The Sons of the American Revolution

This morning I spoke about The Way of Improvement Leads Home to the South Jersey chapter of the Sons of the American Revolution. I have never been to an SAR meeting before, so I learned a lot from a local manifestation of this patriotic organization. First, I realized as soon as I walked into the meeting that I was underdressed. I was sporting what I call my “academic uniform”–a pair of khakis, a short-sleeve button-down shirt, and a pair of loafers. The rest of the group wore ties with their sports jackets or suits. Some of them wore elaborate medals around their necks.

After a continental breakfast the meeting opened with prayer, the pledge of allegiance, and the recitation of an SAR creed. Following the business meeting I spoke for about 25 minutes and answered questions. Since I did not have much time, I ended up doing a simple biographical overview of Fithian’s life. After the talk, many were eager to get a signed copy of the book, so the president of the chapter decided to skip the traditional singing of “God Bless America” and move directly into the benediction so the signing could begin.

I met many great people today and learned a lot. For example, I learned that the “Sons of the American Revolution” is a completely different organization from the “Sons of the Revolution.” I also was strongly encouraged by one of the members to research my ancestry since there might be a chance I had a relative who fought in the American Revolution and could join the SAR. (I tried to tell her that my Italian and Slovakian ancestors were not around in 1776, but this did little to curb her enthusiasm about the possibility that I might be able to become a member of the SAR). During the course of the morning I signed a 65th birthday card for one of the members, learned of a woman who wrote a school play about the Greenwich Tea Burning, and listened as the members told me the stories of their ancestors. They were eager to read the book and learn more about Fithian.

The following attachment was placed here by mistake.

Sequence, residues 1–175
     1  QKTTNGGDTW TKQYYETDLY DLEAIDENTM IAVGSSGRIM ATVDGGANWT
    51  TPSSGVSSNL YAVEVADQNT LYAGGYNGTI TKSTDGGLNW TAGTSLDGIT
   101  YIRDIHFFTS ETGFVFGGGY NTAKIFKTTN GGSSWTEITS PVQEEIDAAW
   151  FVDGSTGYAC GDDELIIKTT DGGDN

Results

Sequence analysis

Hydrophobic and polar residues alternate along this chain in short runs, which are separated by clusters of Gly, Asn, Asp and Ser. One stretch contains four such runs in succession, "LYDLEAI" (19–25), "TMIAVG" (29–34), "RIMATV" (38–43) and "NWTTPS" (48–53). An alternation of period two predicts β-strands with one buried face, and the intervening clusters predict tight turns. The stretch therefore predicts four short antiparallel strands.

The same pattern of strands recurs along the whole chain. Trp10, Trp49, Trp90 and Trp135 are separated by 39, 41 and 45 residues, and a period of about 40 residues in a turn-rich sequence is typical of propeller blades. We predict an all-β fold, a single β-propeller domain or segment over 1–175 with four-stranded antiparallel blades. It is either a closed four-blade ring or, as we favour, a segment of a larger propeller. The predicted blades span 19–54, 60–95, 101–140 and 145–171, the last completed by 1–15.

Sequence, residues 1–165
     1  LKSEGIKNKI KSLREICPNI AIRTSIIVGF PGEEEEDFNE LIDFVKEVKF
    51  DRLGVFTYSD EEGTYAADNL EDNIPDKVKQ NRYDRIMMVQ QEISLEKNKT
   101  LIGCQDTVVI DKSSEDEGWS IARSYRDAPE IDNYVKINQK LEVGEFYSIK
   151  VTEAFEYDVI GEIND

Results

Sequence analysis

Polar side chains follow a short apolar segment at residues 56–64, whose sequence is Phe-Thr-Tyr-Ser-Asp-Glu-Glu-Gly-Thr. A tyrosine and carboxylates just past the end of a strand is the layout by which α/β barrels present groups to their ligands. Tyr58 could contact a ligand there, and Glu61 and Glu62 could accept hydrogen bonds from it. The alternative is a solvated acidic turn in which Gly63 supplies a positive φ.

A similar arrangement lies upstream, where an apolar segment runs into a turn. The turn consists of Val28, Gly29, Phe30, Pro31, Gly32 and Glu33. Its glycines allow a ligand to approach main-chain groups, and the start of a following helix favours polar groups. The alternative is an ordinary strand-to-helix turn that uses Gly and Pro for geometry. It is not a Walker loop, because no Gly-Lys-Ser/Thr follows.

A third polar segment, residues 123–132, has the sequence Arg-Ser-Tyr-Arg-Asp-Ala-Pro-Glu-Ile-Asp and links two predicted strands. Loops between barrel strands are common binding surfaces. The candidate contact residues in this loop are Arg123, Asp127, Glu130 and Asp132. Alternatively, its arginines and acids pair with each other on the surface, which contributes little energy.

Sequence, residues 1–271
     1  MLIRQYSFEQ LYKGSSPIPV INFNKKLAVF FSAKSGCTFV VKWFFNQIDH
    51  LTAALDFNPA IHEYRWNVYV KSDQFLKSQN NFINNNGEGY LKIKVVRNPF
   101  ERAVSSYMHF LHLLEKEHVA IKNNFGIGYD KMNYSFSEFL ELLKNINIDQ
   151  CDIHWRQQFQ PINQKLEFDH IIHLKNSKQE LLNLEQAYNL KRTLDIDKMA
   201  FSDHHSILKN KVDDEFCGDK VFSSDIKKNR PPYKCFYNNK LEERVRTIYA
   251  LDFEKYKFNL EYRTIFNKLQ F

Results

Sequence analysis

Thanks to program director Harry Engleman for inviting me to speak and handling all the details of my visit. One of the highlights of the event was the chance I got to visit with Megan Giordano, one of my former students and the curator of the Red Bank Battlefield and Whitehall House in National Park, NJ. Megan, a Messiah College alum and graduate of the prestigious Winterthur Program in Early American Material Culture, is doing a great job providing leadership to this historical site. She gave me some great news about an upcoming new website for the organization that looks to be quite impressive.

I am off to spend another two weeks at the David Library of the American Revolution in Washington Crossing. I hope to post from there. I will be doing a book talk and signing on July 12.

One thought on “The Sons of the American Revolution

  1. Hey John,Great blog and great new sit for the book. I’ve enjoyed reading the posts and look forward to hearing your thoughts from the archives. Keep up the good work!

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